thanks for your detailed description of how you cross compile the Kernel and the good luck wishes :). I downloaded the same kernel version as the Elions Distribution is running and used the same kernel .config file. I didn't touch the makefile as from reading it it should be possible to get the same when calling make appropriately, in my case:
make ARCH=arm CROSS_COMPILE=arm-linux-gnueabi- menuconfig
and then make ARCH=arm CROSS_COMPILE=arm-linux-gnueab-
I got a vmlinux image in the source tree which I made "u-bootable" by:
mkimage -A arm -O linux -T kernel -C none -a 0xa0008000 -e 0xa0008000 -n "Linux 2.6.22" -d vmlinux pImage
The addresses where stolen from the uboot terminal when booting the Elinos Kernel.
However, after "Kernel starting" pretty much nothing is happening using the new kernel. You mentioned something about a machine number which has to match with uboot and the kernel, I didn't understand this fully. Is mkimage not updating everything and adds the uboot header and checksum etc.? If something is not right to uboot I thought it issues statements like "bad magic number" (had this as well but I didn't feel anything magic about at all).
I thought maybe it is only a console problem and after a certain time I tried to ping the board without success.
What I am doing now is to compare the kernel building to the elinos one and afterwards trying to enable CONFIG_DEBUG_LL.
If you have any hints on how to debug this it would be greatly appreciated as I think you have much more experience in this (for me it is the first time :))
From: Martin Fuzzey [mailto:email@example.com]
Sent: Tue 2/17/2009 10:50 AM
To: Hoefle Marco
Subject: Compiling arm kernel [was Re: Getting emdebian crush running: root passwort created by emsandboy and tty problem]
Hoefle Marco wrote:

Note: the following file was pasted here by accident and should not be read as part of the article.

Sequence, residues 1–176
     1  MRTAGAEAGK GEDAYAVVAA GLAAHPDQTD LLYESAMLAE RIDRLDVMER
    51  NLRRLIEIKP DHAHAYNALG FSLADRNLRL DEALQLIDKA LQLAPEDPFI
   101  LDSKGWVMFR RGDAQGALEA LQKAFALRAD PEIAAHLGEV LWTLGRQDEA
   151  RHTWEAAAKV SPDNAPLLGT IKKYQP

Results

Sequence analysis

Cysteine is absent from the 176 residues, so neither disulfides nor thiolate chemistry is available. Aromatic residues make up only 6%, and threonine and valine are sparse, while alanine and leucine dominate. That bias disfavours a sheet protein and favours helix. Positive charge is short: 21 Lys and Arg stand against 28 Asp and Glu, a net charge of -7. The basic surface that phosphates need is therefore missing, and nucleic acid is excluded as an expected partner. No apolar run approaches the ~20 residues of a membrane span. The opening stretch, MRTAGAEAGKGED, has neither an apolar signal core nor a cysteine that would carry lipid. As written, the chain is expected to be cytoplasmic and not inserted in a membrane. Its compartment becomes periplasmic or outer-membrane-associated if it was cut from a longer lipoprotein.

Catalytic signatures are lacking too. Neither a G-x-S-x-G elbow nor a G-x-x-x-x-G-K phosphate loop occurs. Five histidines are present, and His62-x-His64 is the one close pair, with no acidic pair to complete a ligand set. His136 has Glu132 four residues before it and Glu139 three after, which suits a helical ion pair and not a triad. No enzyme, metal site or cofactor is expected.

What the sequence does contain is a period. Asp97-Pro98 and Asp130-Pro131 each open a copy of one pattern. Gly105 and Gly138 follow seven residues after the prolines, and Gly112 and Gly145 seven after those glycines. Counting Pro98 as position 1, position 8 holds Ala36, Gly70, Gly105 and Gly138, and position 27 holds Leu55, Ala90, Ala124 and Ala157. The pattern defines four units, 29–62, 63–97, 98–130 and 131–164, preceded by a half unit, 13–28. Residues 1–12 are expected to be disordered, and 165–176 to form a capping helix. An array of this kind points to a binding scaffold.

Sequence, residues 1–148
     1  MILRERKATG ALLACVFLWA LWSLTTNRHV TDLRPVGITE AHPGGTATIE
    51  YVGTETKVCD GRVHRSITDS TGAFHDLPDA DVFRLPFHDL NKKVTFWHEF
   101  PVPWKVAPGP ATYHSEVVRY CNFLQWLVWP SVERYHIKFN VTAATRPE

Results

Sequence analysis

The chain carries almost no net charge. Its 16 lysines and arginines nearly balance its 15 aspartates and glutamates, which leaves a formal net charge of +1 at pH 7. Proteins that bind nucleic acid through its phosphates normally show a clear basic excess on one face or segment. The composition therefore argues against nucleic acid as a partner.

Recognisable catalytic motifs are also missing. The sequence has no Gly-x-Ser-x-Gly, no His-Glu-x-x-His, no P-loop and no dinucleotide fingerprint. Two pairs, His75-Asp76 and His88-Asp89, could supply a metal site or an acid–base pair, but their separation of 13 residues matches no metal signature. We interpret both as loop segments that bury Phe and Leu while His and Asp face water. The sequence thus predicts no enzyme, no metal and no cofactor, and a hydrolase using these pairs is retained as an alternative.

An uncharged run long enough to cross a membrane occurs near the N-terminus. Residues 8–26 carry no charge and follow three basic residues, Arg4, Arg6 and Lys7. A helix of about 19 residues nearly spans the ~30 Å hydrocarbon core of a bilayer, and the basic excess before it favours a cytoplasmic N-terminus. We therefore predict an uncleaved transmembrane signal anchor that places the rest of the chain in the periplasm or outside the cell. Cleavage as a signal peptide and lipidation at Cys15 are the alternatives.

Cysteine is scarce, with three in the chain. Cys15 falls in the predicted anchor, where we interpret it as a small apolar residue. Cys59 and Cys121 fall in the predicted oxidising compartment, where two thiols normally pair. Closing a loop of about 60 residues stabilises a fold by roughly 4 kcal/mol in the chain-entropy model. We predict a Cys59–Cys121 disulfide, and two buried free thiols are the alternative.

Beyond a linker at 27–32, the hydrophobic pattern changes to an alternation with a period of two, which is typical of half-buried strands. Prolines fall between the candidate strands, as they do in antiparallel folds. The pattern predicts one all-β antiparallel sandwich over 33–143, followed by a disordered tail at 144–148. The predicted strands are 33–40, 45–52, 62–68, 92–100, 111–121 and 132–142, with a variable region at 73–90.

> Anyway, for the demo I am happy to have this workaround. The next step is to get rid of the tty problem and then to cross-compile an arm linux kernel using the
> emdebian tools instead of having the Elinos Kernel (are there some docs regarding this?). The company I am working for (haslerrail.com) is strongly considering to use emdebian to replace the Elinos distribution and curious about this demo.
Actually cross compiling the kernel with emdebian tools should be quite
Assuming they are correctly installed and configured (ie
"arm-linux-gnu-gcc" actually runs the compiler).
There are several ways of cross compiling documented as comments in the
My prefered one is to modify the makefile like so:
@@ -190,8 +190,8 @@ SUBARCH := $(shell uname -m | sed -e s/i.86/i386/ -e
# Default value for CROSS_COMPILE is not to prefix executables
# Note: Some architectures assign CROSS_COMPILE in their arch/*/Makefile
export KBUILD_BUILDHOST := $(SUBARCH)
-ARCH ?= $(SUBARCH)
+ARCH ?= arm
+CROSS_COMPILE ?= arm-linux-gnu-
# Architecture as present in compile.h
UTS_MACHINE := $(ARCH)
@@ -311,7 +311,7 @@ include $(srctree)/scripts/Kbuild.include
AS = $(CROSS_COMPILE)as
LD = $(CROSS_COMPILE)ld
-CC = $(CROSS_COMPILE)gcc
+CC = ccache $(CROSS_COMPILE)gcc
CPP = $(CC) -E
AR = $(CROSS_COMPILE)ar
NM = $(CROSS_COMPILE)nm
To use the second hunk you'll have to install the "ccache" package but
that will substantially speed up all the compilations other than the
Once you've done that its normal "make config/xconfig, make, make
Unfortunately that's the easy part...
Things may be a little trickier depending on your exact board type.
Current kernels already support the PXA270 and several common boards
based on it.
If you have a specific board however you may need to write a little
board specific code. For an example of that take a look at
arch/arm/mach-pxa/imote2.c. This code must contain the MACHINE_START
macro which defines important parameters and any required hardware
configuration tables (serial ports, GPIOs, ...)
If you need to do this you will need to obtain a "machine type" number
Note that regardless of whether you created your own board specific
setup code or not (maybe an existing one is close enough) there is
always a machine type number known to both the kernel AND the boot
loader. The two must match if the kernel is to boot!! [For your first
attempts you'll probably want to enable low level serial debugging
(CONFIG_DEBUG_LL) and have a serial port attached].
For lots of useful info on arm specific issues such as these see
Once you've got a zImage most bootloaders (certainly uboot which I
believe you are using) support transferring the image into RAM via TFTP
and booting from there - this will let you test things without touching
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